Metabolic problems and illnesses are common enough that we can pretty safely classify you into one of two categories; you’ve either dealt with them yourself at some point, or you know at least one other person who has had those issues – possibly both.
If you are unlucky enough to be stuck with one of these problems, we’re willing to bet that you’ve primarily been getting food-related advice. Everyone is an evangelist for their own diet plan, and you’re probably sick of hearing about it by now.
However, as time goes by, more and more studies are proving that your sleep patterns can share equal responsibility when it comes to preventing and dealing with anything causing trouble with your metabolism. This shouldn’t really come as a surprise, of course, since sleep has been linked to practically every illness and condition under the sun.
We’re here to help you figure out how your sleeping habits connect to whatever metabolic bug you’re trying to get rid of (or comfortably live with). Let’s dive right in, shall we?
The Importance of a Healthy Sleep Schedule
Since we were kids, our mothers would try their absolute hardest to make us stick to a sensible sleeping schedule. While it’s annoying to enforce, there are some very good health-related reasons for wanting to maintain such a routine.
Most importantly (in this context), our sleeping habits contribute to (or harm) our metabolic processes and help us maintain a reasonable level of blood sugar and other compounds.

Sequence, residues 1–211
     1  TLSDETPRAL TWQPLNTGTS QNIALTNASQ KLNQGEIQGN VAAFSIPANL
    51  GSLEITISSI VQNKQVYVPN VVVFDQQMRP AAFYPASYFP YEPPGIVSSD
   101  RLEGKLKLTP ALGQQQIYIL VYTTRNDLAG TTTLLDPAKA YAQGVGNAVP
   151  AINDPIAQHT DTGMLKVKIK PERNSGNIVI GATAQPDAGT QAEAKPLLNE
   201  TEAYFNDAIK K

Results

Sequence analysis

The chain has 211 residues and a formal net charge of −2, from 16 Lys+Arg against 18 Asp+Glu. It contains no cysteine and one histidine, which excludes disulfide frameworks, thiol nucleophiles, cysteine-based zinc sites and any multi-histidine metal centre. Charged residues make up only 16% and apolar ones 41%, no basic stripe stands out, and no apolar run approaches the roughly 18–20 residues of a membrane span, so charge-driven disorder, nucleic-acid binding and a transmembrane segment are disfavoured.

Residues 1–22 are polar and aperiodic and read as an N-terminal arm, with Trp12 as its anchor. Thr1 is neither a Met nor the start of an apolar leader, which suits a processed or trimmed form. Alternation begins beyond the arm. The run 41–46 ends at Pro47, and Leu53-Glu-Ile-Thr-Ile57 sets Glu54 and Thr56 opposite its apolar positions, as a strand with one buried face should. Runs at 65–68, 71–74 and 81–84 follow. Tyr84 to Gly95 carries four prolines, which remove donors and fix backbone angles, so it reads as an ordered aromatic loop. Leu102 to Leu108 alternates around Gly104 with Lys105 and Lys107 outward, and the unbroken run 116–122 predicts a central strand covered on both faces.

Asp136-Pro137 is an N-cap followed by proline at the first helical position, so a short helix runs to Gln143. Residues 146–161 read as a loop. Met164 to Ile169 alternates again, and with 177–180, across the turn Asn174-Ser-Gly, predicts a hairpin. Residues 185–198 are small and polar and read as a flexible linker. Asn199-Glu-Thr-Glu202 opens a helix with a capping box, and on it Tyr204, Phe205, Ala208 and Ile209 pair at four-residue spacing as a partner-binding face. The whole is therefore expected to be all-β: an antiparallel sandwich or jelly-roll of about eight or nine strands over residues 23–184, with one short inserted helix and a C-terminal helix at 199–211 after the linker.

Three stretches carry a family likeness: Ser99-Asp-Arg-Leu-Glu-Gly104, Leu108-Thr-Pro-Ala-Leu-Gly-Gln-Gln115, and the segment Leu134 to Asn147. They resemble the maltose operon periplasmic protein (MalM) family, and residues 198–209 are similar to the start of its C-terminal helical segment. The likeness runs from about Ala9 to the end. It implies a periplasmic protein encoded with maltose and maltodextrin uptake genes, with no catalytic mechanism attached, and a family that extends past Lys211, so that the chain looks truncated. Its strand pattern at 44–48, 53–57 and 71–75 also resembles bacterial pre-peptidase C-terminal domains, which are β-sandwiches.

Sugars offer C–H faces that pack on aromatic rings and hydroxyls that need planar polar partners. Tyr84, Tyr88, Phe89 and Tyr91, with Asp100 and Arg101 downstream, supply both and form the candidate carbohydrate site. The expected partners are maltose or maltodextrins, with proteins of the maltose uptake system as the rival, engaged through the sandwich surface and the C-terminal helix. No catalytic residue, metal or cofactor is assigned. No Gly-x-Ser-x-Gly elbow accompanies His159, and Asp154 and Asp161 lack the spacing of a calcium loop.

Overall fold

This doesn’t sound good for those of us with sleeping disorders such as obstructive sleep apnea, that’s for sure. A study from 2015 shows us that “bi-directional relationships exist between metabolic dysfunction and some common sleep problems, most notably for OSA and obesity and T2D.” The word “dysfunction” is certainly not something you ever want to read in your medical reports.
It’s hard for many of us to balance a healthy sleeping schedule with our hectic and stressful work schedule and social obligations. But getting insufficient rest can wreak havoc on our body and mind in ways we aren’t always aware of. For example, our hormonal balance, and the strength of our immune system are tied to the circadian rhythm, a biological clock in our brain that keeps track of what time it is.
When we consistently deviate from our sleep schedules and regularly miss out on precious resting hours, our circadian rhythm isn’t able to properly manage all those processes in our body, which can manifest in a lot of unpleasant ways.
On top of that, we end up feeling super-exhausted, and a lot of people try to break out of that groggy state by consuming food they really shouldn’t, such as unhealthy sweets or excessive coffee.
The Threat to Our Metabolism
As a lot of these studies demonstrated, participants who had a habit of deviating from their sleeping schedules and fluctuated in the number of hours spent asleep faced a much higher chance of dealing with metabolic issues.
A meta-analysis performed in Chicago concludes that proper sleep quality and duration are essential for appetite regulation, as well as the normal functioning of daily hormonal and metabolic processes.